Women should give birth at the same site where intensive care units and surgical wards are, Albury Wodonga Health's clinical services plan has recommended.
The plan identified the "fundamental factor creaking risk for AWH's maternity and neonatal services at Wodonga is the separation from other acute services at the Albury campus".
"The maternity service is also working with equipment purchased to support 1200 annual births, significantly less capacity than current birthing levels.
"Consequently, resources are stretched."
Upgrading to a level five neonate service was identified in the plan.
It was also recommended AWH expand its surgical capacity, develop vascular surgical services and "re-capture metropolitan leakage" particularly in general surgery and plastics surgery.
The number of surgeries conducted at AWH has increased yearly from just over 12,000 in 2015 to 13,600 in 2019.
While anaesthesia, obstetrics and intensive care are available 24/7, "access it not always easy, particularly with resources stretched across two campuses".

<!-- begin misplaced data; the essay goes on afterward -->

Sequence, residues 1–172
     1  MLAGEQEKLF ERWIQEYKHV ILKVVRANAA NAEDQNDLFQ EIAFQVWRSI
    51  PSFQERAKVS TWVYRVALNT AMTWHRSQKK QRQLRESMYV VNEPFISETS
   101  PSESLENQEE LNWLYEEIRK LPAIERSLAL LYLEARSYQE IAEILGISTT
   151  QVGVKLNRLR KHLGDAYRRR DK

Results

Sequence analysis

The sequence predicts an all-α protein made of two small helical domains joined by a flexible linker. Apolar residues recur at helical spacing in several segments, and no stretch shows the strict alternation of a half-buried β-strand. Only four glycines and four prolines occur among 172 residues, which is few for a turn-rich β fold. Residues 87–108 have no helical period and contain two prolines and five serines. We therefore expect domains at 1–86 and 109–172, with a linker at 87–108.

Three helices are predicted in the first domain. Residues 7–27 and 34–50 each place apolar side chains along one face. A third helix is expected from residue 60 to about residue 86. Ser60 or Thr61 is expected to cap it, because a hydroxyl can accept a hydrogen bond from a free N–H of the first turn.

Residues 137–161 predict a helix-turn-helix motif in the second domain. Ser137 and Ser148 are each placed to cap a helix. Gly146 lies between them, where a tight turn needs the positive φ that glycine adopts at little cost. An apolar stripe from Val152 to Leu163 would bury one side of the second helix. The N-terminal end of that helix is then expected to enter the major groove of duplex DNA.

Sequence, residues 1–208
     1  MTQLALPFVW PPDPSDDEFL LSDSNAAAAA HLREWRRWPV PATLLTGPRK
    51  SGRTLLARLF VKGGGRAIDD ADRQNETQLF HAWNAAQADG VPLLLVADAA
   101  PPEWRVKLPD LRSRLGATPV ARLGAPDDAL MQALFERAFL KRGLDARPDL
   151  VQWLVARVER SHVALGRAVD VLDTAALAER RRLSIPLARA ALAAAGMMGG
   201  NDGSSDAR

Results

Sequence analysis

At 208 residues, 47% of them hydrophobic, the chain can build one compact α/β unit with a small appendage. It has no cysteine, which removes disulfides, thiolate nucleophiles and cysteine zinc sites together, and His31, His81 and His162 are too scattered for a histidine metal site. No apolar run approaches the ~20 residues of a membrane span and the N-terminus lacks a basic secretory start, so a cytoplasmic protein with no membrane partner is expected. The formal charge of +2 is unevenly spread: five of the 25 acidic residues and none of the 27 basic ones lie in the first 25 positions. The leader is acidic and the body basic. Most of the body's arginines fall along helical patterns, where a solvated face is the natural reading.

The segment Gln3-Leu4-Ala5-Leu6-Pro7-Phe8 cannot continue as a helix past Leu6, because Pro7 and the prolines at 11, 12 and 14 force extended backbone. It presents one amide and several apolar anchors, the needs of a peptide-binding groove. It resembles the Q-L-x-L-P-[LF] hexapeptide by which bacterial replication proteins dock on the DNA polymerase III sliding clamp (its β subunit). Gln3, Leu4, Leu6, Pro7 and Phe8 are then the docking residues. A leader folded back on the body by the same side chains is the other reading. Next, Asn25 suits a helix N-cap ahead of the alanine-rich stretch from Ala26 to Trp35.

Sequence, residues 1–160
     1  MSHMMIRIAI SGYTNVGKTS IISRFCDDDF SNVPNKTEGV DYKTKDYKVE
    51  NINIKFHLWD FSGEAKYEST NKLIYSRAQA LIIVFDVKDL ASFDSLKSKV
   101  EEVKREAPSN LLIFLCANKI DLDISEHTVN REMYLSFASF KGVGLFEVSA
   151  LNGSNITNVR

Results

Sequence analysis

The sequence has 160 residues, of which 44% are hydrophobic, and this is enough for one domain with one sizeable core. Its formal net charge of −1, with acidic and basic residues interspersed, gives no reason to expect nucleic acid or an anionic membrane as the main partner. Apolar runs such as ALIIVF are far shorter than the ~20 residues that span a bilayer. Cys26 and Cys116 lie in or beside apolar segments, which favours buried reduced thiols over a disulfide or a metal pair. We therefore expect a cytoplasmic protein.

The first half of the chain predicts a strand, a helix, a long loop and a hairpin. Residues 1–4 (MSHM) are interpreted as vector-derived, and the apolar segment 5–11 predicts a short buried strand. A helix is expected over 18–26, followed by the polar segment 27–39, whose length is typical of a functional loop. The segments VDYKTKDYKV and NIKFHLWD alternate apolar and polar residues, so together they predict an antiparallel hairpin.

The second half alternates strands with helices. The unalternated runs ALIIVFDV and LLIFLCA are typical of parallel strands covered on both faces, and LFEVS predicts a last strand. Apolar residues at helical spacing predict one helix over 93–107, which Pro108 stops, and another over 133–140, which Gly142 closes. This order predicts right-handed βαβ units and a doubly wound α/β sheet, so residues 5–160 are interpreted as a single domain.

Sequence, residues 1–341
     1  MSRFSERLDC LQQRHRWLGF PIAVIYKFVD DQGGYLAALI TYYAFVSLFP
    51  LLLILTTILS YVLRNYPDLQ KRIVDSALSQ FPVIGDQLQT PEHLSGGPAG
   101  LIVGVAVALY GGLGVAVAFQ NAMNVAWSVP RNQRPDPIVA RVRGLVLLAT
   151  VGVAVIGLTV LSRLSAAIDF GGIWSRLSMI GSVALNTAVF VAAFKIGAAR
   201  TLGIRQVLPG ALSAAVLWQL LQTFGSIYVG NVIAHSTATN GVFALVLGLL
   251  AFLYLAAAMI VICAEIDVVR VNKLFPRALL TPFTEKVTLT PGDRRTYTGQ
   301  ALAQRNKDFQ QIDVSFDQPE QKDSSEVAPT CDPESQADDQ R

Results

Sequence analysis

AWH chief executive Michael Kalimnios said expanding cardiology services was another priority.
"We do currently have an interventional cardiology service which runs a couple days a week and within business hours; really, what we should be offering here, as a major regional centre, is 24-hour, seven-day-a-week service," he said.
"So if you had a heart attack here, it can be dealt with here.
"We are looking at developing a services plan for extending cardiac services."
Developing specialist services such as a diabetes support centre for adults and children is not only about improving things for patient, but to ensure AWH draws back business from metropolitan hospitals.
"Access to care, close to home, is obviously critical thing," Mr Kalimnios said.
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"So the document really focused on expanding current services and increasing the range and complexity of other services.
"That's identifying what sort of services our community should expect."
Mr Kalimnios also intends for AWH to increase its leadership and research.
"In some ways, we spent the last 10 or 11 years just creating the entity of Albury Wodonga Health," he said.
"We're now really ready to step into that regional leadership role."